The Endless

In the second chapter of the Yoga Sutras, Patanjali says that every asana is intended to encompass two aspects: Posture is mastered by relaxation of effort and concentration on the 'Endless'. 

prayatna-shaithilya-ananta-samapatti-bhyam || 47 ||
प्रयत्नशैथिल्यानन्तसमापत्तिभ्याम् .47.

We hear a lot about effort in yoga classes, but in this Sutra softness, shaitilya, is emphasized. Prayatna means effort. Shaithilya, on the other hand, is the softness. So translated, we should go into the effort of Asana practice with softness. This softness can be found in the quality of the breath, in our intention for practice and the way we move in our asanas.

When I first started teaching, about 20 years ago, I gave a class on effort.  I remember giving a dharma talk and saying things like, 'there is always deeper to go... There is always more effort that you can use... In every pose, you can always move deeper, bend the knee more, engage more...'. Then I taught a class based on this idea. It was, perhaps, a very exhausting experience! After the class, my teaching mentor sat me down and thanked me for class. She told me that she liked many aspects of the teaching, but there was one fundamental missing link. She said I would understand over time if I practiced consistently. She told me that at a certain point, we need to stop doing, and start softening. There is a point where abide in the experience rather than constantly trying to create it.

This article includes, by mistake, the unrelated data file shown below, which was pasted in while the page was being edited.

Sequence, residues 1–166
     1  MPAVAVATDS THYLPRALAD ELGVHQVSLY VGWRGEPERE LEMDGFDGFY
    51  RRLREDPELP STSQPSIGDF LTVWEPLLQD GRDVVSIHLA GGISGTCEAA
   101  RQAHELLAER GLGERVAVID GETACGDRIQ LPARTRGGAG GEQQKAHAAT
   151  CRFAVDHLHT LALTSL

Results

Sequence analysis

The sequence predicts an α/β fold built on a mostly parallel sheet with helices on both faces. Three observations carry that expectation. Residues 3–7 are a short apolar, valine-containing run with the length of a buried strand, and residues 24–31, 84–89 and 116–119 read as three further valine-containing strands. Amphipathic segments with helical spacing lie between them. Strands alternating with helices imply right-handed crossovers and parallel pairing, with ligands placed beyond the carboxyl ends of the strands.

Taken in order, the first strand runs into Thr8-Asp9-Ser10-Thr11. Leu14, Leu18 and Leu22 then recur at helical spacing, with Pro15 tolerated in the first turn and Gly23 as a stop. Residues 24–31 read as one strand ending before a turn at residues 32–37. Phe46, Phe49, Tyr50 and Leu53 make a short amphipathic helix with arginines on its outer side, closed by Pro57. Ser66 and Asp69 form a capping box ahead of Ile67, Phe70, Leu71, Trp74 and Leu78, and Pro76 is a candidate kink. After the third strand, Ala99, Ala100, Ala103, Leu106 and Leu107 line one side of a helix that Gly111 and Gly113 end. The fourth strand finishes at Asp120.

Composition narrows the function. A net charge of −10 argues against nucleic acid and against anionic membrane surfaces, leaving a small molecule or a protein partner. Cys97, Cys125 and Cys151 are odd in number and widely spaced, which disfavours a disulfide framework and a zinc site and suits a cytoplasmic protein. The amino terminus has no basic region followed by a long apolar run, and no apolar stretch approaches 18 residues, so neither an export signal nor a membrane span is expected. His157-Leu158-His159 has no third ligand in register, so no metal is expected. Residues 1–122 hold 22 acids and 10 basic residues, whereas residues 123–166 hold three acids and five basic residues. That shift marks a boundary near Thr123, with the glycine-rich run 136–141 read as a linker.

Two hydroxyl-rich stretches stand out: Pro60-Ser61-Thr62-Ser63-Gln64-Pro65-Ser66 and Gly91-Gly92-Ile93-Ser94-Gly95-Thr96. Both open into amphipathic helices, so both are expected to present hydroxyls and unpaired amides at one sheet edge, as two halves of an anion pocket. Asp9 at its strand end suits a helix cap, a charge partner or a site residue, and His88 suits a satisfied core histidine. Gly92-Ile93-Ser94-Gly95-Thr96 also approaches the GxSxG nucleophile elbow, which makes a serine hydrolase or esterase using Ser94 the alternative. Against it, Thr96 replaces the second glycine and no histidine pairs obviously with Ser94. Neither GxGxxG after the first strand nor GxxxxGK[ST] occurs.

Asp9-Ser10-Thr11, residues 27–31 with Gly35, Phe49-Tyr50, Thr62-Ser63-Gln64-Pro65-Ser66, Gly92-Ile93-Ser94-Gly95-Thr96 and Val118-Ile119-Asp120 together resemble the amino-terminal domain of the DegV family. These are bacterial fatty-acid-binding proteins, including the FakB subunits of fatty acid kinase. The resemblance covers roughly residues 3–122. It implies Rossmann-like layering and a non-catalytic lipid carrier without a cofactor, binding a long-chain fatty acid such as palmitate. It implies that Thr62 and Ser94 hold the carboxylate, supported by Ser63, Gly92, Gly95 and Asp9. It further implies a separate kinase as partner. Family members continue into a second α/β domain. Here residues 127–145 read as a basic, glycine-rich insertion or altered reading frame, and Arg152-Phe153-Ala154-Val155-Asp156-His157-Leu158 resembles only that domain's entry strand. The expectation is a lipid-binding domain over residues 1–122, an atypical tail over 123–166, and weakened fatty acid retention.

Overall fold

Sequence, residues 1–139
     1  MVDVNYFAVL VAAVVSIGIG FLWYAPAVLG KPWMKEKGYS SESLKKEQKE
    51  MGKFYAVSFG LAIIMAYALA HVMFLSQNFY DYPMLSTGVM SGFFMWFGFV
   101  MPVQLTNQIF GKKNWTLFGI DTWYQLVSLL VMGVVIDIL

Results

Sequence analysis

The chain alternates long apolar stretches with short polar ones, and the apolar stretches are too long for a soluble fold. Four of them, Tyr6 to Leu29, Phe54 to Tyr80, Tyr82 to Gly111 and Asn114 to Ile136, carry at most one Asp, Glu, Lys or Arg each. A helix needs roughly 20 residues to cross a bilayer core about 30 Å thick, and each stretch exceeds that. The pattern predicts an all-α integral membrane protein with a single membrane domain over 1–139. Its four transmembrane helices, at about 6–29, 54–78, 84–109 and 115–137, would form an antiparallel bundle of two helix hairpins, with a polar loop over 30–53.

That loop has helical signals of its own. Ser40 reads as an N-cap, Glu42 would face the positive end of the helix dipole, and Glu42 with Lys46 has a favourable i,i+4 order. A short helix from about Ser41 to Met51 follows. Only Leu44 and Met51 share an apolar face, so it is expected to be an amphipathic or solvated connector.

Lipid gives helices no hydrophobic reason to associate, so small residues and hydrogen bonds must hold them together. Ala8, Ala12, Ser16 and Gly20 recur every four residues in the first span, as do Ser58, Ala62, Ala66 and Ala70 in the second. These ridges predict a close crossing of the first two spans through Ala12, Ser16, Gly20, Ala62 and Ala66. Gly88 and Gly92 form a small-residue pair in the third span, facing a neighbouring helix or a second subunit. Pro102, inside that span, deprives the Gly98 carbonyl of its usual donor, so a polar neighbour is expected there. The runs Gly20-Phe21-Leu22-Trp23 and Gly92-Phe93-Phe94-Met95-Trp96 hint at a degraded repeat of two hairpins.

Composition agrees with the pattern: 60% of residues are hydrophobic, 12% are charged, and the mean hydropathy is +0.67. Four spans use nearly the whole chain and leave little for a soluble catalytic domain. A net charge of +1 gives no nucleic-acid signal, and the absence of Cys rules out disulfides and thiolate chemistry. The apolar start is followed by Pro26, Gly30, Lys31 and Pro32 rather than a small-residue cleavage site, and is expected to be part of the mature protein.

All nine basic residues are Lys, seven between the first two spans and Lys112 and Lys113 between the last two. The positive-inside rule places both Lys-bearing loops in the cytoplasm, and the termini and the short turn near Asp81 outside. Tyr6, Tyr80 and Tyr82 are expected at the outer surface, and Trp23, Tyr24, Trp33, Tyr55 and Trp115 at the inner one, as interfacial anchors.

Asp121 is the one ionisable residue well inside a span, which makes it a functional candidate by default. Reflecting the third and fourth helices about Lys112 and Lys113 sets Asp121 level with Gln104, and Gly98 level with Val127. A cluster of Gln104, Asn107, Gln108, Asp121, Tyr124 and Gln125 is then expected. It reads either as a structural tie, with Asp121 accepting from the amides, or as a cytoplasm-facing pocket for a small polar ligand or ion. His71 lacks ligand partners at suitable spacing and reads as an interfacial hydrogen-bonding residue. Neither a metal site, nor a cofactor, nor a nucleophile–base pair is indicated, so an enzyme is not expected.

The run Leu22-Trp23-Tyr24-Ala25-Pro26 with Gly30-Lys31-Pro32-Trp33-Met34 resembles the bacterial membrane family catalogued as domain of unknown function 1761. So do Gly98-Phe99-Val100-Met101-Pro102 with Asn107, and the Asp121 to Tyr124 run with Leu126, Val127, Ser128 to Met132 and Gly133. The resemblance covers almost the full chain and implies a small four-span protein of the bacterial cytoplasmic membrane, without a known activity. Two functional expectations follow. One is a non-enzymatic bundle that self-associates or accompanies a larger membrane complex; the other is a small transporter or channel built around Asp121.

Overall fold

I took her wisdom to heart and started to practice differently. I began to very consciously soften the breath in asana practice. Even in the midst of incredibly challenging postures I found that releasing effort, a sense of steadiness and relaxation came to my body. The control of the body seemed to transfer from the conscious to the subconscious mind. I began to experience asana as moving meditation.

The second part of the sutra is very powerful. Samapatti is the focus of the mind. Ananta is the object of our concentration. Ananta is often translated as "endless" or "boundless". It is also Ananta is one of the names of Ādiśeṣa , king of the Nagas. Nagas are godlike beings in serpent form. In India, Nagas are worshipped as the gods of the air.  Srivasta Ramaswami writes, 'the hissing sound of a snake is a symbol of the air.  In Ananta we find the root word ana , which means breathing. We also find this root in the 5 winds of the Tantra philosophy: prāṇa , apāna , vāna , ... Translated from this background Ananta Samapatti teaches us to focus on the serpentine hiss of our breath in the practice of asana."

All of this beautiful and rich imagery boils down to two focal points in practice:
1. Focus on the softening of breath
2. Focus on the serpentine hiss of the breath


-Lesley Desaulniers

September 5, 2019

Lesley Desaulniers